Electrification is often presented as a strategy for reducing carbon emissions, but the truth is, it’s not practical to rely on electricity alone because no single energy source can solve the long-term challenges we face.
It’s important to consider the infrastructure required to keep up with the electrification movement — which would take decades and cost trillions of dollars — and much of that burden falls on those who can afford it least.
Everyone deserves access to clean, reliable energy, and the more affordable that energy is, the more equitable its distribution will be. That’s why it’s important for builders, remodelers and construction professionals to know that there is another energy solution available: Propane.
How can propane be used in a home?
Propane is a viable home energy source that can be used to power residential appliances and systems, including space and water heating, backup power, cooking appliances, clothes dryers and various outdoor living applications. Plumbing contractors are likely most familiar with propane tankless water heaters and storage tank water heaters.
There are currently nearly 12 million U.S. households using propane for space heating, water heating or cooking. That number is continuously growing as new construction projects are selecting propane as their fuel of choice, especially with the trend of people moving away from city centers. Unlike natural gas infrastructure, which can’t expand quickly, propane can provide a reliable, resilient energy solution today.
For homes running on propane, a 500-gallon tank typically holds enough propane to meet the annual energy needs of an average single-family home. Tanks can be installed above or below ground, depending on what the homeowner prefers.
How reliable is propane?
Propane helps to reduce the strain on our fragile electric grid by shedding load, and the more diverse America’s energy mix is, the more reliable it is. Not only does propane reduce the strain on the electric grid, but it’s also a stable, resilient, on-site energy source, helping support Americans even when the grid fails. Additionally, propane can complement solar and wind systems to reduce emissions while providing reliability — especially during challenging weather conditions.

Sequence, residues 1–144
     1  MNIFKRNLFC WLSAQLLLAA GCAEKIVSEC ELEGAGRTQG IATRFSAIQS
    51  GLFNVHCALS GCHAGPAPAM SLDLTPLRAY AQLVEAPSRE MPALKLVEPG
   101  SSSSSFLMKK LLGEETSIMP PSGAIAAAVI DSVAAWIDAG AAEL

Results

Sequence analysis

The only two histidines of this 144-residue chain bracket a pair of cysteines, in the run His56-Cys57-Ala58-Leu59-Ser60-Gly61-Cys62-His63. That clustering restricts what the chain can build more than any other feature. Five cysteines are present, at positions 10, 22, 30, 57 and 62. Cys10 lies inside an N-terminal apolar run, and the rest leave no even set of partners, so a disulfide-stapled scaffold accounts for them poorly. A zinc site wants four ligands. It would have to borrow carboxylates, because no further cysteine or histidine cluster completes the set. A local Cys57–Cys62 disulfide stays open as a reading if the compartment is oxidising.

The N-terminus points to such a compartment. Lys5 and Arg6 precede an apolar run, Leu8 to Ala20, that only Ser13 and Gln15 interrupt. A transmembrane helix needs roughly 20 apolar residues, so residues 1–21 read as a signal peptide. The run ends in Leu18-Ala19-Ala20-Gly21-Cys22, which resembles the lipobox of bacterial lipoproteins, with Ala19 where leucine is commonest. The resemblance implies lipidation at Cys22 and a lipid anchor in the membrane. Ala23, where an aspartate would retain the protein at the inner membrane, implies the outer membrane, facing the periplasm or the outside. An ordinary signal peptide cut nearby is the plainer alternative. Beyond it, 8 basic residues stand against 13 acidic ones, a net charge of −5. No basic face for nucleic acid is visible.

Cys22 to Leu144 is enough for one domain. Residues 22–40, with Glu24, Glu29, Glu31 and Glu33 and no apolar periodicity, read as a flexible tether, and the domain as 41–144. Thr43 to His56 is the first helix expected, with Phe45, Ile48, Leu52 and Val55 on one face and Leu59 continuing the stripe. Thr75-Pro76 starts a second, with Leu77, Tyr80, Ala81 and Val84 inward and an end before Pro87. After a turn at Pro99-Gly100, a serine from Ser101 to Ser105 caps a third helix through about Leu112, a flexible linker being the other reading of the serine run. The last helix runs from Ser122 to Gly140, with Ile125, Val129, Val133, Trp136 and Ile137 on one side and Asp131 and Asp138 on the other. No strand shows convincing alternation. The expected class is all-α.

Which energy source is more affordable: Propane or electricity?
As construction professionals know, energy consumption and cost can vary widely depending on the energy sources used to power appliances. Propane offers a cost-effective energy solution in residential construction for today and tomorrow. Plus, it doesn’t require expensive infrastructure investments like electricity does when remodeling and moving from oil or wood.
According to a 2020 analysis from the Department of Energy, the energy costs of propane ($18.81 per million Btu) are less than half that of electricity ($38.28 per million Btu). Running propane-powered appliances can help customers see savings throughout a home. For plumbing contractors, this means offering propane water heating options.
Propane tankless water heaters can be up to 34% more energy-efficient than conventional storage tank water heaters in homes with moderate hot water use. Energy Star-qualified propane tankless systems can save homeowners up to 50% on their energy bills when compared with the costs of operating a standard electric storage tank water heater.
Plus, the median life expectancy of most propane-powered equipment is longer than electric equipment, offering a low total cost of ownership and strengthening its value proposition. For example, propane tankless water heaters have a life expectancy of about 20 years, which is more than double most conventional storage water heaters.
Can propane appliances decrease a home’s carbon footprint?
Electrification is typically looked at as a zero-emissions solution, but when full-fuel-cycle emissions are considered, construction professionals — and their customers — will see that propane has a compelling argument.
Propane is clean, environmentally friendly and is an excellent way to reduce emissions while meeting a customer’s energy needs. Propane produces significantly fewer carbon emissions compared to electricity for key residential applications, including water heating. Propane tankless models, for example, can produce up to 61% fewer greenhouse gas emissions, 47% fewer nitrogen oxide (NOx) emissions and 91% fewer sulfur oxide (SOx) emissions than electric storage tank water heaters.
Additionally, using propane produces 43% fewer greenhouse gas emissions than using an equivalent amount of electricity generated from the U.S. grid. That is because more than 60% of the energy consumed in our power plants is lost before it gets to the home — either in production, transmission or transformation losses.
To learn more about the benefits of propane for residential construction, visit Propane.com/residential-construction.